Meanwhile, advice given to the government of impending action fell substantially short of the legal obligation, being given just one day before. This appears to have not much perturbed the government initially. However it duly acquired an air of deep concern as the furore built.

Whether its professed concern will be manifested in any action is debatable, as it ponders the matter in the context of post-Brexit delays and red tape that continue to beset ferry and port services.

Where next? Unions have promised legal action, blockades, demonstrations. P&O has indicated it will be offering an ‘enhanced’ redundancy package to those dismissed so peremptorily.  It will likely need to be significant to contain the potential legal fallout.

What was P&O thinking? Has it calculated it would be best to face the inevitable fury, that had it followed the required path of consultation, union negotiations would have failed to reach any kind of accord, disruption and union action would have followed and that therefore in order to save its finances it should take the nuclear option?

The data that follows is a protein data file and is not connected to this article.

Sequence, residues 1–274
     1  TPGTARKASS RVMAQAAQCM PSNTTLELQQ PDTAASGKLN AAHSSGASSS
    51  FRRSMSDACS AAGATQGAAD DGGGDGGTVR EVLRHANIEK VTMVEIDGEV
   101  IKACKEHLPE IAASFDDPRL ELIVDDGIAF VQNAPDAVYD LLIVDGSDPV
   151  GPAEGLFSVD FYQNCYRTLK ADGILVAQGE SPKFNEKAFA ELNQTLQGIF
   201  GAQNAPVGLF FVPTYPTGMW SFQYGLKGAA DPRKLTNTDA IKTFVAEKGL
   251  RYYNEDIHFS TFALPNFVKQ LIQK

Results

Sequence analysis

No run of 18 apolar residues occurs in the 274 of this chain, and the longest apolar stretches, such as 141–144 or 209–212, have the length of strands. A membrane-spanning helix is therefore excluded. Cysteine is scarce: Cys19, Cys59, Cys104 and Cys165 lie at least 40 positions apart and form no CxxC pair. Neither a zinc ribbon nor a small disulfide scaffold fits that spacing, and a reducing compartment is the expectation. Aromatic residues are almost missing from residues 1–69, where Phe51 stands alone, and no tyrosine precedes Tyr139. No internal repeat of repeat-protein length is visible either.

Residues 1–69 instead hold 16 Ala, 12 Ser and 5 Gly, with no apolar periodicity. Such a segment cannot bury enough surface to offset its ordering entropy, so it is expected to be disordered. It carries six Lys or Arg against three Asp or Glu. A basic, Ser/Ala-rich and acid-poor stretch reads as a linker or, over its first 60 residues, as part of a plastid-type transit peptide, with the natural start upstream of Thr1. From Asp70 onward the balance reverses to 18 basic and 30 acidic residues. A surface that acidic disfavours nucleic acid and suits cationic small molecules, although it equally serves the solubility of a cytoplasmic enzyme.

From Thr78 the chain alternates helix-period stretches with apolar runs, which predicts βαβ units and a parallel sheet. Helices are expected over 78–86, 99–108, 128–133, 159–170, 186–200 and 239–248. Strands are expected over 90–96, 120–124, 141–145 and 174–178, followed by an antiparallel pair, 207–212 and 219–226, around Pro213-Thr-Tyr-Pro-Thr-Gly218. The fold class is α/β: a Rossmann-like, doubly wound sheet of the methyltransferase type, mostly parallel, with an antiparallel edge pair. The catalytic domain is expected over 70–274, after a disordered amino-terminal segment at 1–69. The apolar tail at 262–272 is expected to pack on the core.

Was it a manifestation of the phenomenon of the overseas owner with little sympathy or interest in local union relations or labour conditions?

That phenomenon is not unknown here in New Zealand.

In terms of the law, we do not have an equivalent of those collective consultation obligations. But there is a general obligation to consult on proposed redundancies in order for them to be fair (which also exists in the UK). The relative value of claims and prospects of reinstatement are also higher here.

It's unlikely an employer could get away with instant dismissals intended to allow cheaper staff to be employed – that would not constitute a lawful redundancy.   But as things stand here there is no equivalent of the statutory redundancy compensation which is available in the UK.

So is it possible we could see such a thing happen here?